The final Sunday of the liturgical year celebrates the Reign of Christ, the ultimate fulfillment of God’s kingdom as Jesus came to live it out. We’ll use the lectionary gospel reading and one more reading from Hebrews to close out our trip through that book.

The designation of this Sunday as celebrating the Reign of Christ (or Christ the King) dates from the rise of European fascism in the 1920s. The pope felt that it was necessary to set aside one Sunday to acknowledge that Christ, not any human leader or political entity, is the rightful object of our ultimate allegiance. Maybe now we should call it the Currency of Christ.


John 18:33-37 (may include 38a) This story takes place during Jesus’ trial. He has been betrayed, questioned by the high priest, and denied by Peter. Now the Roman governor, Pilate, has to decide whether to execute Jesus according to the wishes of the temple authorities or to set him free.

The lectionary cuts this reading off after verse 37, when Jesus affirms his identity with the truth. The folks on Sermon Brainwave suggest reading v. 38a, which is Pilate’s rebuttal: “What is truth?” This often sounds cynical, coming from the powerful Roman governor who truly holds Jesus’ life in his hands, but the larger scene (John 18:28-19:16) paints the picture of a man who can’t make up his mind whether to capitulate to the religious leaders or to release Jesus, whom Pilate can’t find cause to execute. He ultimately orders that Jesus be crucified just to keep the crowd from rioting. “What is truth?” It’s a power beyond the control of even the powerful. The word truth comes up a lot in John. Translation: this stuff matters.

As Jaime Clark-Soles points out, the issue of Jesus’ kingship is not new in John. After he feeds the 5,000 people, he is almost crowned by force (John 6:15). Although John differs from the synoptic gospels on the details and timing of Jesus’ final days in Jerusalem, this story joins the others in describing that Jesus was greeted as the king of Israel when he entered Jerusalem.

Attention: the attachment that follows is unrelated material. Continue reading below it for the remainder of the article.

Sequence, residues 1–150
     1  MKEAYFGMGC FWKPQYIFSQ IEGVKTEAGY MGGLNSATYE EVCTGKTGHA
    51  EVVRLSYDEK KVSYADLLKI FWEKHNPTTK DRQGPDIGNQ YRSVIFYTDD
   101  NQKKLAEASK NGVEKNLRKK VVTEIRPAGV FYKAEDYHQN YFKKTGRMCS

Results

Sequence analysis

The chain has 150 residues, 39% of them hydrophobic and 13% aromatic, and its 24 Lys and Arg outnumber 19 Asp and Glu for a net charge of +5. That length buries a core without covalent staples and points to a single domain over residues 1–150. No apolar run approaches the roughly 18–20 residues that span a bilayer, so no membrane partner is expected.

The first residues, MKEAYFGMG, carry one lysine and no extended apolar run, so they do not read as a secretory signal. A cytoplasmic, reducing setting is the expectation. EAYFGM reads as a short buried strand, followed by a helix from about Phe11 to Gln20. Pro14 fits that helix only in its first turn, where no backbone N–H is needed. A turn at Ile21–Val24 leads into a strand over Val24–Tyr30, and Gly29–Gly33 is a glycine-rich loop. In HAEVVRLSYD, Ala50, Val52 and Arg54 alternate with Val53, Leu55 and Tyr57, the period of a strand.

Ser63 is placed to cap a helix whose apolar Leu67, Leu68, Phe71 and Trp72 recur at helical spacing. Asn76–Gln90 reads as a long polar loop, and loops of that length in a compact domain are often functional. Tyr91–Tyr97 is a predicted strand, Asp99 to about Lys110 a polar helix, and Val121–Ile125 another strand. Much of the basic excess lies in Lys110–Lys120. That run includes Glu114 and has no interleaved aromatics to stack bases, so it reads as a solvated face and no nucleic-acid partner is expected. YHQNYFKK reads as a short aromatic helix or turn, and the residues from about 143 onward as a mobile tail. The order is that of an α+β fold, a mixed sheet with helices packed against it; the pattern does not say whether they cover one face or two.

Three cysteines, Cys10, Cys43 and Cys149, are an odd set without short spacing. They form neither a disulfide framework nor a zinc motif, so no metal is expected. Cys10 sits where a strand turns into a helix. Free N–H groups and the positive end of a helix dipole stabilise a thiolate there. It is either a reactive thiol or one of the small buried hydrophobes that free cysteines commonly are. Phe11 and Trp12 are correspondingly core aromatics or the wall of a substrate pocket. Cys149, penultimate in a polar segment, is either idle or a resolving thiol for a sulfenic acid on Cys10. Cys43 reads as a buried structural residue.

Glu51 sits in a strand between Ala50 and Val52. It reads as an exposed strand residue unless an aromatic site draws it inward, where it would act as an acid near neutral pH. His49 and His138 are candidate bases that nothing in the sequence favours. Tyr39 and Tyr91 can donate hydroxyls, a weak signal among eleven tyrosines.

While our GNT renders v. 36 as “My kingdom does not belong to this world…” the better translation would be “My kingdom is not from this world.” It’s not necessarily a kingdom that exists elsewhere (like heaven above), but it is a kingdom with its roots elsewhere.

Hebrews 13:1-8 The letter to the Hebrews wraps up with a summary of encouragement to persist in the Christian life. Here the lofty descriptions of Christ’s greatness come down to earth in specific instructions and reminders.

Breaking this reading down point by point, Bryan Whitfield describes the Hebrews exhortations as the practical shape of Christian worship. Hebrews has been a book about worship, specifically about the power of a true sacrifice – the true sacrifice, made by Christ. This list of ethical exhortations may not add too much to the conversation we’ve tracked through the rest of the book, but it has certainly resonated through Christian history. As Whitfield points out, hospitality was a matter of safety and protection in the ancient world. Prison was an ever-present possibility for any Christians. Marriage was under threat, not just by moral questions raised by the pagan world, but by impulses among the early Christians to reject marriage and family life in favor of the gospel community. All this ethical teaching, true as it is, finds its real meaning in the steadfast and effective love of God in Christ. After all, this passage has to be about what the rest of the book has been about.

What’s going on here?

I always think of Reign of Christ as a kind of punctuation mark, or almost an extra Sunday that doesn’t quite belong to either lectionary year. It’s our moment to focus on the eternal, the glorious, the perfect, before we descend once again into the stable of Jesus’ coming. Advent also refers to Jesus’ promised return, but especially in a year when the cultural celebration of Christmas is in full swing, there’s no real way I’m going to recover the apocalyptic tint of this Sunday.

Instead, I want to focus on the power of that word, truth, and the reality that exists when we live by it. It’s a chance, perhaps, to look toward our ideals and imagine what the world could look like. Reading Hebrews, imagining that Jesus has come into his reign, and recognizing that the list of virtues and practices can still apply. These are eternal things, earthy as they are. In fact, in their earthiness – welcoming strangers, caring for the suffering and imprisoned, seeking to be faithful as God is faithful – these practices help us to build Christ’s reign on earth. These are ways to live by the truth.

Other resources you might find useful

Nancy Rockwell reflects on the power of truth and the smaller truths we submit ourselves to.

Rick Morley reflects on power, vulnerability, and truth.